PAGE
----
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Supporting First Nations Voices

Our vision for reconciliation and justice in Australia is an inclusive community built on mutual respect, real opportunities and strong relationships with First Nations Peoples and communities. As people around Australia prepare for a national referendum on the proposal for a First Nations Voice to Parliament, we hope that this page will help to promote their access to the information necessary for an informed and respectful conversation.

Perry Sandhills, Wentworth NSW, Traditional lands of the Barkandji People - Photography by Mandy Smith


HAG’s base in Melbourne (a place known as Naarm to its traditional owners) means we are located on the lands of the Wurundjeri and Boon Wurrung peoples of the Kulin Nation. We recognise First Nations peoples as the traditional custodians of Country throughout Australia and their connections to land, waterways and community.

HAG is committed to making space for our staff to engage with the histories, cultures, and priorities of Indigenous people in Australia and to creating a space to reflect on our own awareness and the ways HAG can better shape engagement with First Nations peoples and communities. As a business, we believe that we can learn much from the diverse knowledge and talents of First Nations people. As a member of the humanitarian sector, we believe that respectful and meaningful partnerships are key to driving positive and sustainable change. HAG seeks opportunities to support First Nations-owned businesses and pays the rent.

These positions inform HAG’s support for a ‘yes’ vote in the referendum on a Voice to Parliament.




The Uluru Statement from the Heart represents the culmination of the most proportionally significant consultation process of First Nations people seen to date in Australia. Following 12 regional dialogues and 1 regional meeting over 2016-2017, it was endorsed at a National Constitutional Convention at Uluru in 2017. The Statement extends an invitation to walk with Aboriginal and Torres Strait Islander peoples in a movement for a better future, grounded in recognition of Indigenous sovereignty.

It calls for three things: a Voice through which First Nations people can speak to parliament, a process of treaty-making, and a process of truth-telling, both supervised by a Makarrata Commission (to support the coming together after a struggle). Current discussions are mostly focused on the ‘voice’ element.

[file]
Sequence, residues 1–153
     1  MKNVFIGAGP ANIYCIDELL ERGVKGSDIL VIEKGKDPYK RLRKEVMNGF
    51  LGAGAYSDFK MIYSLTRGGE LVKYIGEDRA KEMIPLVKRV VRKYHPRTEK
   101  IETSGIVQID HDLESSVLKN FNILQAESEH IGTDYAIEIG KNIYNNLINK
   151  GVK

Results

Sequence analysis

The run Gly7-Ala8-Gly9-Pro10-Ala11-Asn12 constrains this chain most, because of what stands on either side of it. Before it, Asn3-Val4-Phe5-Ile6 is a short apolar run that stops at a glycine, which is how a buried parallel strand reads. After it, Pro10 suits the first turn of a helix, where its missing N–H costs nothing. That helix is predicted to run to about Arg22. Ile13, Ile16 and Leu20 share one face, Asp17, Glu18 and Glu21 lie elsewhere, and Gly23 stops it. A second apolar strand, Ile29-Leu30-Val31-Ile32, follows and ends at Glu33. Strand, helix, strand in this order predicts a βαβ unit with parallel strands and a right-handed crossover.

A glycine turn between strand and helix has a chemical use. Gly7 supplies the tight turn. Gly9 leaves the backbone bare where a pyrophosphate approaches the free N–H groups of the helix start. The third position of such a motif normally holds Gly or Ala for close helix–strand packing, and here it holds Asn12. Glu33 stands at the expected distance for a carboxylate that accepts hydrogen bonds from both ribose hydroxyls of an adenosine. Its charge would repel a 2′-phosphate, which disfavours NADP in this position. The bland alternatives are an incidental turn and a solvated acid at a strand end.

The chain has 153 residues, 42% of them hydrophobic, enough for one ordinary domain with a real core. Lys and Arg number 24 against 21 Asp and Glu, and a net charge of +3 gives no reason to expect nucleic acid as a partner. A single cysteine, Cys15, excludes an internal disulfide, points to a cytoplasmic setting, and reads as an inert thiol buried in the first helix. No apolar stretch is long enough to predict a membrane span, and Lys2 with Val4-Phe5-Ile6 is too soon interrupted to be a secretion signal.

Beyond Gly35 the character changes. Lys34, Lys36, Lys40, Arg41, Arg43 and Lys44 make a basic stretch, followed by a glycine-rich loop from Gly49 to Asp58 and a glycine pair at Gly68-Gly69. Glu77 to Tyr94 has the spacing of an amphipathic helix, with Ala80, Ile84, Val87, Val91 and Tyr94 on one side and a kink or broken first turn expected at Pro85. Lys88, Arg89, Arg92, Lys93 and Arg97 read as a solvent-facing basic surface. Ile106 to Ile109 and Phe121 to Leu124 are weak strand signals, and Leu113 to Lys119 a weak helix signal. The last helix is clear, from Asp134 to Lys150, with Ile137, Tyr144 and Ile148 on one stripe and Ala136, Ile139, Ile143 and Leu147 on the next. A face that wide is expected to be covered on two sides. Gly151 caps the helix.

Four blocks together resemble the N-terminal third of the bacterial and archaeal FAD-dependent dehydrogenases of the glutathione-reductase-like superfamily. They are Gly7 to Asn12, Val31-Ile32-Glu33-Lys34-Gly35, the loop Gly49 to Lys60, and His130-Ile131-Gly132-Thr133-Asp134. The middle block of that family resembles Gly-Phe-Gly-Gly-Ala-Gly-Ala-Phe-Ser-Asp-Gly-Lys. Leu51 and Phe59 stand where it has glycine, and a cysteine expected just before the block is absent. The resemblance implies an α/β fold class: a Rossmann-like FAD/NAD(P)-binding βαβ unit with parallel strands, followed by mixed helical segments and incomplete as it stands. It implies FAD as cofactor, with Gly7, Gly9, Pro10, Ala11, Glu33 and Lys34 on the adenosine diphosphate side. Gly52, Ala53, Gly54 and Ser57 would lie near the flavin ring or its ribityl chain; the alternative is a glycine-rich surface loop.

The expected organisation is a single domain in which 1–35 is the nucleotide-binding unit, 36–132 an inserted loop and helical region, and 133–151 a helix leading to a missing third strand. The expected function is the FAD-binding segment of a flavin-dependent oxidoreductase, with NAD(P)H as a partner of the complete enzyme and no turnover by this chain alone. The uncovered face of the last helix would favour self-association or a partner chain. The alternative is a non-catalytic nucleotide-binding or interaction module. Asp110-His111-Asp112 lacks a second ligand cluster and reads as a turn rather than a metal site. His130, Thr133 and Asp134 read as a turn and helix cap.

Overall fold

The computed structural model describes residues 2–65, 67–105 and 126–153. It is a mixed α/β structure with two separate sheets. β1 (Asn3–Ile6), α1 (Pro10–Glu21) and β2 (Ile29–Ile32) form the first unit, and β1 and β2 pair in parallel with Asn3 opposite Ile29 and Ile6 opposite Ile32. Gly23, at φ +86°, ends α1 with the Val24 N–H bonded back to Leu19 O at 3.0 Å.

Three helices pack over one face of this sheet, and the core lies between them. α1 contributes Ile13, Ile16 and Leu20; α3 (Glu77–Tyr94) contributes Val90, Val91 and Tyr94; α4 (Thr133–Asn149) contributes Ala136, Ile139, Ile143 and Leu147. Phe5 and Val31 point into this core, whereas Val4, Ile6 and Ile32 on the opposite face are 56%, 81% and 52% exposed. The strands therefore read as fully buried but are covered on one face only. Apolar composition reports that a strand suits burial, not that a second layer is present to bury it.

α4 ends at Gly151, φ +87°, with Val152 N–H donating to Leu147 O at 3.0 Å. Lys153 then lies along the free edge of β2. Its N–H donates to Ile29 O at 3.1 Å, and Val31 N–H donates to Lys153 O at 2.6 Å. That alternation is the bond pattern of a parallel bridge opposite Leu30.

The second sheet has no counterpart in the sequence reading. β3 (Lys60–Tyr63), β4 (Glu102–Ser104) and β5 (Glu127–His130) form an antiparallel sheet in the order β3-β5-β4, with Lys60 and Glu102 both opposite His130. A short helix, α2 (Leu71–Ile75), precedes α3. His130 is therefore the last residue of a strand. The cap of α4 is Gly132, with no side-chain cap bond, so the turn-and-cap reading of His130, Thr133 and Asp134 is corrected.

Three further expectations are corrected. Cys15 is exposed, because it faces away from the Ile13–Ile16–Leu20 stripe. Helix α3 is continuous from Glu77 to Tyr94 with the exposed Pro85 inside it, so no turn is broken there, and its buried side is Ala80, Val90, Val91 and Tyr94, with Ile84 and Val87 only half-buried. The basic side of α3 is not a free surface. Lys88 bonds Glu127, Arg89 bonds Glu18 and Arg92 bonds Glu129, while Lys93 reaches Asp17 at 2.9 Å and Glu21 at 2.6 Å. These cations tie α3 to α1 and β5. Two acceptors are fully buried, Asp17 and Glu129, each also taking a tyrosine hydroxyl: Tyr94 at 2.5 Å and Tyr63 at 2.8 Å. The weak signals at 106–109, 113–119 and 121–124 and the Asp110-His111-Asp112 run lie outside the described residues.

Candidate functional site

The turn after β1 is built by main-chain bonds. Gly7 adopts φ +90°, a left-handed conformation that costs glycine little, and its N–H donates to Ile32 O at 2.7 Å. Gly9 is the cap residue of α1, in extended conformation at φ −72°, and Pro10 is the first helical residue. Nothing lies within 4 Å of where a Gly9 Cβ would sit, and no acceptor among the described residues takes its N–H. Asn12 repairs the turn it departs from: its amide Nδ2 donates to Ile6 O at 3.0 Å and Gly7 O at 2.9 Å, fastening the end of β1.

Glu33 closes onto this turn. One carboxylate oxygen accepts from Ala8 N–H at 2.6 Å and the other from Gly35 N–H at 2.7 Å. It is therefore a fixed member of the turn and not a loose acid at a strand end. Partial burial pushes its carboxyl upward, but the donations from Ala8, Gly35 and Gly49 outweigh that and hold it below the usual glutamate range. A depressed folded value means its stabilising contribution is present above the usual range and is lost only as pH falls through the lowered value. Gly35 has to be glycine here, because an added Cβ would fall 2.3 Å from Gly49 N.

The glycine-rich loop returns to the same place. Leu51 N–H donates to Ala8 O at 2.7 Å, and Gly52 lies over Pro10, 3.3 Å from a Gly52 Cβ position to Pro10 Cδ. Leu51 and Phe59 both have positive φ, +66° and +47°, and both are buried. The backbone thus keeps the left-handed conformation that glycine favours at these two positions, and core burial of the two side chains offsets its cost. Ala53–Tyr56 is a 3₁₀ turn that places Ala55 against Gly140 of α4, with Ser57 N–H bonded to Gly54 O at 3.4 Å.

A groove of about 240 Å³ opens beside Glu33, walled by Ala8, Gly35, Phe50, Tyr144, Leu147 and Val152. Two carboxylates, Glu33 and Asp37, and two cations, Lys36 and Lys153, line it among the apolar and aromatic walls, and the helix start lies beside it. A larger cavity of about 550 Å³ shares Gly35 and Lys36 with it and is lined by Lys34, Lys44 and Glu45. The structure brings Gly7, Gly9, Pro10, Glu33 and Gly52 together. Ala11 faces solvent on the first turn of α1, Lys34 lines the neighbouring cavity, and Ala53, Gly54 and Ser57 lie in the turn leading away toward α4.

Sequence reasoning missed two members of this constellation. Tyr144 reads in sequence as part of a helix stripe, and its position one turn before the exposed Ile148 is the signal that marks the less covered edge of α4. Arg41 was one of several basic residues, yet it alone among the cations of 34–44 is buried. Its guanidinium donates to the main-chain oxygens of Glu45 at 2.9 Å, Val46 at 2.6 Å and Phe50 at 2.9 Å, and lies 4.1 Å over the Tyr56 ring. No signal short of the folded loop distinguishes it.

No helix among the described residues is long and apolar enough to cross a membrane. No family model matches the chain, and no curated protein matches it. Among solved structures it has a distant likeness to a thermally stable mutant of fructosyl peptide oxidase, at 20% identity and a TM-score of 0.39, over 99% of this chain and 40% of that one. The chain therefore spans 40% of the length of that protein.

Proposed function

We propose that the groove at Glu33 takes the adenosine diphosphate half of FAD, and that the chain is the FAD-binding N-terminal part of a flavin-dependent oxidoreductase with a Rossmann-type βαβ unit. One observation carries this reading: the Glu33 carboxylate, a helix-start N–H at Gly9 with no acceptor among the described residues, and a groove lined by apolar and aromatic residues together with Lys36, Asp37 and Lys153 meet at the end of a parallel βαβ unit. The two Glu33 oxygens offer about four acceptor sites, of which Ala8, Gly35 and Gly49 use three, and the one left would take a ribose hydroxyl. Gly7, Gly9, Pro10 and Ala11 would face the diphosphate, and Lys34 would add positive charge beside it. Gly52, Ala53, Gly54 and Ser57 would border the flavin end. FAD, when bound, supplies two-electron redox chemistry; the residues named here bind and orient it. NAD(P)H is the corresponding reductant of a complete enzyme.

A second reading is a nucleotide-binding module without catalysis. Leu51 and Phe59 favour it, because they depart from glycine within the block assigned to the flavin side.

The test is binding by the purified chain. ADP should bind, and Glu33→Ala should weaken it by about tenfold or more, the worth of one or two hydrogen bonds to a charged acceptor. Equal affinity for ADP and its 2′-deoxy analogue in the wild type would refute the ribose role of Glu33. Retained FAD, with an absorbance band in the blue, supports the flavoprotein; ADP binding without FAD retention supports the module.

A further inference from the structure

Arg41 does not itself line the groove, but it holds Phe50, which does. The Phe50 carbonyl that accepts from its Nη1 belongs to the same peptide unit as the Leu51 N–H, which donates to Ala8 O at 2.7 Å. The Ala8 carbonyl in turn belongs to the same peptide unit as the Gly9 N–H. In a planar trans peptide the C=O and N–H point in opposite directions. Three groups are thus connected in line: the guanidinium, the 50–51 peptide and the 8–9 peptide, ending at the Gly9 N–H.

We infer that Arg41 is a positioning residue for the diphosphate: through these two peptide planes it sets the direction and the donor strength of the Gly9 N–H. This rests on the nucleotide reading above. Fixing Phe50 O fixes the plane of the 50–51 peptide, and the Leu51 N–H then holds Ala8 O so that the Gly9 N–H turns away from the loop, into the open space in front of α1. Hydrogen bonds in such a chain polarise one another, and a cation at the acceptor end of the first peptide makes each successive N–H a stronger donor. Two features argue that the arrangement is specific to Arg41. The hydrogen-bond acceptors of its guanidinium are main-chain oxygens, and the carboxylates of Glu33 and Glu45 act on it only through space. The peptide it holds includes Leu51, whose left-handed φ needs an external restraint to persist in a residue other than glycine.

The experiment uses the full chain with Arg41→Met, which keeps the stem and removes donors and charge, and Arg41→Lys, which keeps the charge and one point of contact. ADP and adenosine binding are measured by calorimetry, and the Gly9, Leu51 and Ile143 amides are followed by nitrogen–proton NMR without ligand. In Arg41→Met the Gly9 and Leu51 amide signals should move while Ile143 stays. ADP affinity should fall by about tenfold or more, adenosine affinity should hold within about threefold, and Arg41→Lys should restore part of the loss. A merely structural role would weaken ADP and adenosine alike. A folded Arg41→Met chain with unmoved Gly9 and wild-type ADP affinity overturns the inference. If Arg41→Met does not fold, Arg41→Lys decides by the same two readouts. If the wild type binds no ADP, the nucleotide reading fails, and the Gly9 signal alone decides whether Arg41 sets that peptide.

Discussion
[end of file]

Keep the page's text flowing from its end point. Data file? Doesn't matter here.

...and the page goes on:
You can read the Statement and learn more about it here. You can listen to a version of it being read here and find translations of the Statement here.


The creation of a First Nations Voice to Parliament has the potential to be symbolically powerful and meaningfully practical.

The Constitution currently does not recognise Aboriginal and Torres Strait Islander people as the First Peoples of this land. Changing this is an important step in Australia’s journey of reckoning with its history and embracing an inclusive path for the future. The Voice will also be a way for Aboriginal and Torres Strait Islander people to have a say on the issues that affect them.

The Voice is one response to the calls for political recognition and representation that First Nations elders and activists in Australia have been making for decades. It is consistent with international frameworks such as the United Nations Declaration on the Rights of Indigenous Peoples, which Australia has endorsed.

HAG’s support for the Voice is also linked to our own principles as an organisation working in the humanitarian sector. Self-representation and participation – the right to be part of decision-making when you are affected by it – are important ethical and governance principles to which we are committed.

Learn more

  • Three-part series on Voice, Treaty and Truth:

1) Gabrielle Appleby & Eddie Synot, ‘The Voice: what is it, where did it come from, and what can it achieve?’ The Conversation, 29 March 2023. Gabrielle Appleby researches and teaches public law and provided constitutional consultation to the deliberative process leading to the Uluru Statement from the Heart. Eddie Synot is a Wamba Wamba First Nations person and an Indigenous academic lawyer and researcher.

2) Harry Hobbs, Heidi Norman & Matthew Walsh, ‘What actually is a treaty? What could it mean for Indigenous people?’ The Conversation, 3 April 2023 (the second article in a series on Voice, Treaty and Truth). Harry Hobbs is a constitutional law specialist. Heidi Norman researches Aboriginal political history and is from the Gomeroi nation. Matthew Walsh is an Anaiwaan man and a specialist in Indigenous policy engagement and implementation.



3) Julia Hurst & Sarah Maddison, ‘First Nations people have made a plea for ‘truth-telling’. By reckoning with its past, Australia can finally help improve our future,’ The Conversation, 11 April 2023. Julia Hurst’s Indigenous heritage crosses Dharawal and Darug land and her research explores questions of Australian Aboriginal identity. Sarah Maddison studies settler colonial politics in Australia and other contexts.


The movement for a Voice to Parliament, and for truth-telling and treaty processes, is vitally important to address the structural injustices that affect First Nations people in Australia. However, as essential as these conversations are, they can be hurtful and harmful. Respect for the centrality of Indigenous voices and acknowledgement of their diversity must inform how others engage.

Here we share some resources to help understand potential impacts on First Nations people and how allies can seek to engage constructively.